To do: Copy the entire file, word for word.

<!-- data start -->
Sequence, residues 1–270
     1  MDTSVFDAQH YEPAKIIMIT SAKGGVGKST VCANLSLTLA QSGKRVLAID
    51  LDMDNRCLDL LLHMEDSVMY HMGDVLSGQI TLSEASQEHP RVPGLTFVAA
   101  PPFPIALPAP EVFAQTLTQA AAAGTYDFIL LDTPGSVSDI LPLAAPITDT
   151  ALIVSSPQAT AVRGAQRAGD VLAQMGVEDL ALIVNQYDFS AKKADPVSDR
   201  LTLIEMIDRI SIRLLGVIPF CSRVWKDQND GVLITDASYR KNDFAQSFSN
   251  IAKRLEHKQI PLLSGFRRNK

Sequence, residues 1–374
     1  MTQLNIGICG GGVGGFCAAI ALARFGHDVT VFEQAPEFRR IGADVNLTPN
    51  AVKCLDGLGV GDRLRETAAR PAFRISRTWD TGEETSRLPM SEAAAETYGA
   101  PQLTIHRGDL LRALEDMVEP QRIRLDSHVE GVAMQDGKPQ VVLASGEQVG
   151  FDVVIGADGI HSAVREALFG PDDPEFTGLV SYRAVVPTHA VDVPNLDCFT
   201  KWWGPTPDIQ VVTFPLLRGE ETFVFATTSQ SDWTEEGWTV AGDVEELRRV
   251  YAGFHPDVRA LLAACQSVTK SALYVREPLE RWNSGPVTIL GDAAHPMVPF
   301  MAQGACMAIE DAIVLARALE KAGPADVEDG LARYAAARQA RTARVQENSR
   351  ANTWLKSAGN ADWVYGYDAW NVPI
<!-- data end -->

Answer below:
Sequence, residues 1–270
     1  MDTSVFDAQH YEPAKIIMIT SAKGGVGKST VCANLSLTLA QSGKRVLAID
    51  LDMDNRCLDL LLHMEDSVMY HMGDVLSGQI TLSEASQEHP RVPGLTFVAA
   101  PPFPIALPAP EVFAQTLTQA AAAGTYDFIL LDTPGSVSDI LPLAAPITDT
   151  ALIVSSPQAT AVRGAQRAGD VLAQMGVEDL ALIVNQYDFS AKKADPVSDR
   201  LTLIEMIDRI SIRLLGVIPF CSRVWKDQND GVLITDASYR KNDFAQSFSN
   251  IAKRLEHKQI PLLSGFRRNK

Sequence, residues 1–374
     1  MTQLNIGICG GGVGGFCAAI ALARFGHDVT VFEQAPEFRR IGADVNLTPN
    51  AVKCLDGLGV GDRLRETAAR PAFRISRTWD TGEETSRLPM SEAAAETYGA
   101  PQLTIHRGDL LRALEDMVEP QRIRLDSHVE GVAMQDGKPQ VVLASGEQVG
   151  FDVVIGADGI HSAVREALFG PDDPEFTGLV SYRAVVPTHA VDVPNLDCFT
   201  KWWGPTPDIQ VVTFPLLRGE ETFVFATTSQ SDWTEEGWTV AGDVEELRRV
   251  YAGFHPDVRA LLAACQSVTK SALYVREPLE RWNSGPVTIL GDAAHPMVPF
   301  MAQGACMAIE DAIVLARALE KAGPADVEDG LARYAAARQA RTARVQENSR
   351  ANTWLKSAGN ADWVYGYDAW NVPI